Taking the first steps to secure your business is always difficult – especially if you’re starting from scratch. At 7 River Systems, we maintain that one of the best ways to immediately improve your security is to understand your information assets – that is, your systems, networks, and data. These information assets are the cyber equivalent of the achilles heel, and they are compromised, your entire business can potentially come crumbling down. By knowing more about your information assets, you have the home field advantage – and the ability to better protect your IT infrastructure. In this blog post, we’ll explain how to build an asset inventory and how it can help you maintain your own or your organization’s security posture.
Building an Asset Register
An asset register is a detailed accounting of all of your information assets. Let’s clarify what qualifies as an information asset:
- Hardware – desktops, laptops, servers, mobile devices (phones/tablets), routers, firewalls, etc. – if it’s a piece of information technology equipment, it probably belongs in this category.
- Software – any software or apps (free or paid) being used on any of your systems.
- Data – the key information that your organization stores and processes. It may include information that is on paper or in digital form. It could be stored in files or in a database/repository.
- Services – it’s very popular for individuals and organizations to use online or outsourced services as part of their IT setup. This might include e-mail (e.g. Google, Outlook 365), accounting (e.g. QuickBooks Online), hosting infrastructure (e.g., GoDaddy, Amazon Web Services, Microsoft Azure), Customer Relationship Management (CRM) (e.g. Salesforce) and much more. Even though these services are often managed by someone else, it is important to account for them as part of your asset inventory, since they are also part of your own information environment.
- Non-IT Infrastructure – the assets that are not part of your information environment, but underpin it. Examples include electricity, heating/cooling, and physical security such as an alarm system. If one of these systems fails, it could place jeopardize the security or reliability of your information assets.
- People – your people are some of your most valuable information assets, especially if you’re working in an industry that requires specialized expertise. Your people know your business, trade secrets, customers, and a whole lot of intangibles that aren’t necessarily written down.
Now that you know what qualifies as an asset, let’s build a template that we can fill in. We’ve provided a very simple example below, but feel free to add to it according to your business, security and organizational needs.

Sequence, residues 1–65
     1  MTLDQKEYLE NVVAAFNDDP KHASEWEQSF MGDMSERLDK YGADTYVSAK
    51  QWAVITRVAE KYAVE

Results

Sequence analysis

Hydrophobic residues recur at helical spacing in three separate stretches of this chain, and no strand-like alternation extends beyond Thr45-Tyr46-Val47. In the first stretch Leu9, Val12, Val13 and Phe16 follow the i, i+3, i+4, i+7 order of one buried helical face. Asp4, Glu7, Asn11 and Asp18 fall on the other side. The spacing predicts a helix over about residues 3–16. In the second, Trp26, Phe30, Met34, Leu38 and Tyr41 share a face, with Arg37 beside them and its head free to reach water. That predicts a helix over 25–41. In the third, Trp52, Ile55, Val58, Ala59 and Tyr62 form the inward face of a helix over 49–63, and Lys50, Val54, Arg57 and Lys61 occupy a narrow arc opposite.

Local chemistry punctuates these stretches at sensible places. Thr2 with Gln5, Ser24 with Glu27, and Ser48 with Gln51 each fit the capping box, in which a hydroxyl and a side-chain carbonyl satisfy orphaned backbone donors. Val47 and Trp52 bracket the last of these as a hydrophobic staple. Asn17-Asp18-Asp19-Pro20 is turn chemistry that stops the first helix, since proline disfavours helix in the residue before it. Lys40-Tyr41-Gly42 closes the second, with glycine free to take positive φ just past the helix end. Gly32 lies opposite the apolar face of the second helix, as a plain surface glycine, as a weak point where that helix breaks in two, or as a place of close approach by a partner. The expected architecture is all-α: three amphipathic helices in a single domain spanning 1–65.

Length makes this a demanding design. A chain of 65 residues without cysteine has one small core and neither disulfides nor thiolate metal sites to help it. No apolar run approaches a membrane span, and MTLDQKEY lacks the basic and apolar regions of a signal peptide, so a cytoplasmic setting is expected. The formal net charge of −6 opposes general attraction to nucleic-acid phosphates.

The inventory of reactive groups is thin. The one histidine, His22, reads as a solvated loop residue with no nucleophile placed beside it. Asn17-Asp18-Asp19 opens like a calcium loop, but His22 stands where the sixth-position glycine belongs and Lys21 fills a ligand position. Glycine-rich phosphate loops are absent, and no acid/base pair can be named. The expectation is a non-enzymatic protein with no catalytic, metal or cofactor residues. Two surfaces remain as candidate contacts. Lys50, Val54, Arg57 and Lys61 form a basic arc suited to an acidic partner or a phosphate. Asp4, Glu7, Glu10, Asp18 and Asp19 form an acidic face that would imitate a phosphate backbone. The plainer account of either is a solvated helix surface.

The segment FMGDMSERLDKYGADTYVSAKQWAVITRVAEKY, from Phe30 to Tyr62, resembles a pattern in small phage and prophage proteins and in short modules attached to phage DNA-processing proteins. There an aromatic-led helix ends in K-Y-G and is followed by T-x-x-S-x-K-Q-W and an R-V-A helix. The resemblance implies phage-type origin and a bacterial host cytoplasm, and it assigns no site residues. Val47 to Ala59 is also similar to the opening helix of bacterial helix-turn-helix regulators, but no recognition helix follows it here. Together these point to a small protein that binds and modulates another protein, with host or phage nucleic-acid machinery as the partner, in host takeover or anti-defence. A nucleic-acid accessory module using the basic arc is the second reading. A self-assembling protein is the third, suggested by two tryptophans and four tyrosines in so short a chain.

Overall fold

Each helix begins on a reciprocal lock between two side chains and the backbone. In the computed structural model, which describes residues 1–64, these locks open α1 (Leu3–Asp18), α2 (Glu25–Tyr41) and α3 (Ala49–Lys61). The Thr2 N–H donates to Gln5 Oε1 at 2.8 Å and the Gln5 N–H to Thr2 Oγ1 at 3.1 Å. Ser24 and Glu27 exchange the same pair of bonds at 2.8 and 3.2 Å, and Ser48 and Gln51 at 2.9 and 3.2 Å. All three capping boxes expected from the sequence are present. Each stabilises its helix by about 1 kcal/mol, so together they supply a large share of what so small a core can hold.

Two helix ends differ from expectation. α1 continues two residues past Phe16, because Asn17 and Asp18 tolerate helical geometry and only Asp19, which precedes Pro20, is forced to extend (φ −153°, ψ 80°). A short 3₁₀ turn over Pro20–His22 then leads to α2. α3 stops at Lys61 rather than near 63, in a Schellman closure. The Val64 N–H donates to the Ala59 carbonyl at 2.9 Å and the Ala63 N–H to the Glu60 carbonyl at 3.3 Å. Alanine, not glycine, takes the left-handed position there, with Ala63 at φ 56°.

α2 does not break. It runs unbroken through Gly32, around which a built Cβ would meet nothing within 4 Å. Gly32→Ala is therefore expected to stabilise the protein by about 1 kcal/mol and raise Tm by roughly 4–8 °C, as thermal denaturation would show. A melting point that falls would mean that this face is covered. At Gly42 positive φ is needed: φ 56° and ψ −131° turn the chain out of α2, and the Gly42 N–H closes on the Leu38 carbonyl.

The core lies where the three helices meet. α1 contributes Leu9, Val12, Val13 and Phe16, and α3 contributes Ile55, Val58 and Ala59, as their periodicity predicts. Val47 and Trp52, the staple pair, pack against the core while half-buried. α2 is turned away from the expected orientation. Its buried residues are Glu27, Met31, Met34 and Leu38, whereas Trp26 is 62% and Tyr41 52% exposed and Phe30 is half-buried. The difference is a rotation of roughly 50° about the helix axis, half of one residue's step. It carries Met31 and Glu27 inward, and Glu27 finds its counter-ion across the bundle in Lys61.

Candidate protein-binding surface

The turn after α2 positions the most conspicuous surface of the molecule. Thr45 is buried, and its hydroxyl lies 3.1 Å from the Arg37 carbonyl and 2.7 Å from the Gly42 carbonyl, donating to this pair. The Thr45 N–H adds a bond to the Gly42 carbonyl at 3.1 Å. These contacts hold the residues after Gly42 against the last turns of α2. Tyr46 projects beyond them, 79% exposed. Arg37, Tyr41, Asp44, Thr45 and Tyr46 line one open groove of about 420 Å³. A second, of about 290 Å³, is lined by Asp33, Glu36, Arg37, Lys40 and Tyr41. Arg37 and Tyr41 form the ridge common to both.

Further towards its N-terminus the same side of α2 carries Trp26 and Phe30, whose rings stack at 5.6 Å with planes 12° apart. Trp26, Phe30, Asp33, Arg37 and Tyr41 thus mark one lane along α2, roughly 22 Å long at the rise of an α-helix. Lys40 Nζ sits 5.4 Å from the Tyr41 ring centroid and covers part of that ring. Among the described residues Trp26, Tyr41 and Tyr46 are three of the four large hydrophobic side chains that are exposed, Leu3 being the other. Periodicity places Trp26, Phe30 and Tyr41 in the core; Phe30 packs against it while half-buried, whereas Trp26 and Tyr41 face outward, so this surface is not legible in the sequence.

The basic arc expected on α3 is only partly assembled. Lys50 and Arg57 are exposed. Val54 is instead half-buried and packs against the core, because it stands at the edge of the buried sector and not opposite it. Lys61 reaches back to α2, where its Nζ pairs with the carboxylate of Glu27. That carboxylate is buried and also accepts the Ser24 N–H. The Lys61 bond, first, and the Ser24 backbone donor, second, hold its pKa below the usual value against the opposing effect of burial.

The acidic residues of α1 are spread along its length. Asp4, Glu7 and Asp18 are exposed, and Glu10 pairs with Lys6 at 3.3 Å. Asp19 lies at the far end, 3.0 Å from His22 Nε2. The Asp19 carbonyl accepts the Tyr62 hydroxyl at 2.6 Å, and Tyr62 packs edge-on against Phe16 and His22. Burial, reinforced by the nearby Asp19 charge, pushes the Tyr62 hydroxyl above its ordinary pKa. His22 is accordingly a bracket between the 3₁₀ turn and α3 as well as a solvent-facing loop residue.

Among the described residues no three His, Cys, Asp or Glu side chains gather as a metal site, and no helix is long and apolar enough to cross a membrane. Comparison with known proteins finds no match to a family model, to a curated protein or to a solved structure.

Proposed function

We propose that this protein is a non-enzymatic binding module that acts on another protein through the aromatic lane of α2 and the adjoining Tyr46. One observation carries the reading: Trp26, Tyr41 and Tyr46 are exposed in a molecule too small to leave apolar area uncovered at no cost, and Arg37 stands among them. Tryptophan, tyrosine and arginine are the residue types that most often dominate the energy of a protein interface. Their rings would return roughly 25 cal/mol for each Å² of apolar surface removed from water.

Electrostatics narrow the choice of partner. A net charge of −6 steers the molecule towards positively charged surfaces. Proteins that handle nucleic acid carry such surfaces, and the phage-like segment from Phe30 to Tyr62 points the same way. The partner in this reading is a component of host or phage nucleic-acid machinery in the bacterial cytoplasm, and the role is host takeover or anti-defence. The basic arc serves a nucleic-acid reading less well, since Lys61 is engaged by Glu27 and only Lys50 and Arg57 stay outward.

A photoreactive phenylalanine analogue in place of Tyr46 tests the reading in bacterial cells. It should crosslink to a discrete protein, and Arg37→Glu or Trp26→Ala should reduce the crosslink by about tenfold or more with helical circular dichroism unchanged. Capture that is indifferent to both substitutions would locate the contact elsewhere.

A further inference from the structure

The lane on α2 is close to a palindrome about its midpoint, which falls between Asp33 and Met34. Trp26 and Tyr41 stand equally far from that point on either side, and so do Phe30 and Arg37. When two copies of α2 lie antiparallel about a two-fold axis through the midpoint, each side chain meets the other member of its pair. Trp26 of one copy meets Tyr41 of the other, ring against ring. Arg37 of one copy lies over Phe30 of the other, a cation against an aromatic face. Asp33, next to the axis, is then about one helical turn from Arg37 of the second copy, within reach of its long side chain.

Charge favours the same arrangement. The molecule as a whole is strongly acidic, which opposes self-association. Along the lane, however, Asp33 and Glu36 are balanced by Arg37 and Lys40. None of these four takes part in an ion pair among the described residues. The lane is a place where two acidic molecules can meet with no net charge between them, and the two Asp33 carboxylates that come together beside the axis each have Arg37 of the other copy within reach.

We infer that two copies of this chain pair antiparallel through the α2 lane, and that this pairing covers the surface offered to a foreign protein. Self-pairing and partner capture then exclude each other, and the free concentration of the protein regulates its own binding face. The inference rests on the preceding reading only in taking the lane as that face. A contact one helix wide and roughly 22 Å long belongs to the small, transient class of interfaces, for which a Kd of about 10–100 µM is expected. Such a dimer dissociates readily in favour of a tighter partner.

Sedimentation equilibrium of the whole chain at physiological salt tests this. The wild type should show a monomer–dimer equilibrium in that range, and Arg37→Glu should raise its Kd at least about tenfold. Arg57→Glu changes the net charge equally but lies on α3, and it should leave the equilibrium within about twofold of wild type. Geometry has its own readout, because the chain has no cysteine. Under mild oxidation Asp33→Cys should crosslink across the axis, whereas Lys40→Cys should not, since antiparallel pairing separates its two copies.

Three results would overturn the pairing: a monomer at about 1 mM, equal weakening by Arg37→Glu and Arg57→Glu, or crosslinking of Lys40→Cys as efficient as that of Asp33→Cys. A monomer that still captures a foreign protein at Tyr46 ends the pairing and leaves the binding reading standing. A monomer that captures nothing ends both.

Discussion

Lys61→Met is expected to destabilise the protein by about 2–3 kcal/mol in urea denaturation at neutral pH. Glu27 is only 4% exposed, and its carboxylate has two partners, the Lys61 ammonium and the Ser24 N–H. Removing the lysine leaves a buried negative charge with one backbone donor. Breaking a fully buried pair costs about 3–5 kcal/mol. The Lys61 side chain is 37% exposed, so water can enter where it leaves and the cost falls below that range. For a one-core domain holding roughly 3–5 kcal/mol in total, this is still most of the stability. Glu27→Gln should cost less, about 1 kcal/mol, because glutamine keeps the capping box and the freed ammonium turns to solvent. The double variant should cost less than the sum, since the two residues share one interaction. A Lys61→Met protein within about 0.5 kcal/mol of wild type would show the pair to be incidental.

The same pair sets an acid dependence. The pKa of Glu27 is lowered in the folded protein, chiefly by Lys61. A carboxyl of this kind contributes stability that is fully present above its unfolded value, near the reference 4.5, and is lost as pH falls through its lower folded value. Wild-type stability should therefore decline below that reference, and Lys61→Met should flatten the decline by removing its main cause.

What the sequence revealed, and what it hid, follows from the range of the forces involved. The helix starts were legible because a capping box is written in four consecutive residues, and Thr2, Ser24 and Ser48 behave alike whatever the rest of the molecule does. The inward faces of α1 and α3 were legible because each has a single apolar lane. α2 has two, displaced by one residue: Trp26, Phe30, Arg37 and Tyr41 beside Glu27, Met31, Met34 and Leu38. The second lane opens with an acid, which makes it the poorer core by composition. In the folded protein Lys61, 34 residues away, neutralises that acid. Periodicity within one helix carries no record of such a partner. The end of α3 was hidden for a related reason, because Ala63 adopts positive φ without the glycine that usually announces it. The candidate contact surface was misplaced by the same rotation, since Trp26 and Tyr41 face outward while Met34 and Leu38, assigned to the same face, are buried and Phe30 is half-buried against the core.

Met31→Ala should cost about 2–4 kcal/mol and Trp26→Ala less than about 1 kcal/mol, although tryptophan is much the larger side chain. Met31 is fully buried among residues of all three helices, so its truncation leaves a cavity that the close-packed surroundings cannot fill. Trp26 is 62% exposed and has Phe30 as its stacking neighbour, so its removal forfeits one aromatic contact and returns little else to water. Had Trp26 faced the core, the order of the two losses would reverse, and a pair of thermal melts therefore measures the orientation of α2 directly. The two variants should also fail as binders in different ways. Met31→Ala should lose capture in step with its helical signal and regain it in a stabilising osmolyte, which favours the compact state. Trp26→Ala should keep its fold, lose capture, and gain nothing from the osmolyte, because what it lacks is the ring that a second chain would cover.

|Asset ID||Name of Asset||Description of Asset||Type (Hardware, Software, Data, etc.)||Location||Does it Contain Personal Data?||Does it Contain User Data?||Does it Contain Sensitive Data?||Asset Owner||Asset Custodian|
|1||Paul’s Laptop||Macbook Air
Serial No. 12345
|Hardware||Mobile Device||Yes||No||Yes||Paul P.||Paul P.|
|2||Company Laptop||Dell Poweredge Server
Serial No. 23456
|Hardware||Server closet at Company HQ, 123 Main St||Yes||Yes||Yes||Paul P.||Bob A.|
In your register, you’ll want to specify the name of each asset, a description (including model, service tag, serial number, or activation key if applicable), the type, location, and what kind of data it contains. You’ll also want to specify an asset owner and an asset custodian.
- Asset Owners are responsible for the overall information asset, as well as supplying/updating information for the asset inventory, determining if any information on the asset is sensitive, ensuring that sensitive data is protected, sponsoring regular audits, and determining who should have access to the asset.
- Asset Custodians are responsible for safeguarding information on the asset, implementing access control systems, maintaining backups, and other tasks required to implement, operate, and maintain security measures defined by asset owners.
In a large organization, asset owners might be heads of departments or business units, with asset custodian roles assigned to IT and security personnel. In smaller organizations, asset owners are typically the business owner or manager, with asset custodians as the IT point-of-contact.
As you build your register, you’ll want to interview asset owners and asset custodians throughout your business and list as many assets as possible. Try to be as detailed as possible; it’s easier to remove items from the list later than to have gaps, which might mean overlooking a critical security gap.
Using the Asset Register
Once you have an asset register, you can use it in many different ways, just a few of which include:
- Keeping track of inventory to ensure that assets are used on a regular basis, and are secured from physical theft
- Seeing where your sensitive data is, and taking steps to secure it, if you haven’t already
- Subscribing to vulnerability alerts for your hardware/software/services so that you can quickly take countermeasures in the event of a problem
- Holding your asset owners accountable for maintenance and security of critical assets
Cyber- and information-security isn’t always a cumbersome, expensive, high-tech process. Sometimes it just means knowing what you have, where it is, who is responsible for it, and if it should be protected. After that, it’s much easier to take the next steps to ensure that your data is secure.
Need help crafting, planning and filling in your Asset Register? Do you want guidance on next steps for securing your information assets? Do you think you have everything in hand, but just need to ask a few questions? 7 River Systems can help you, no matter where you are located – contact us today to keep moving forward with your security project.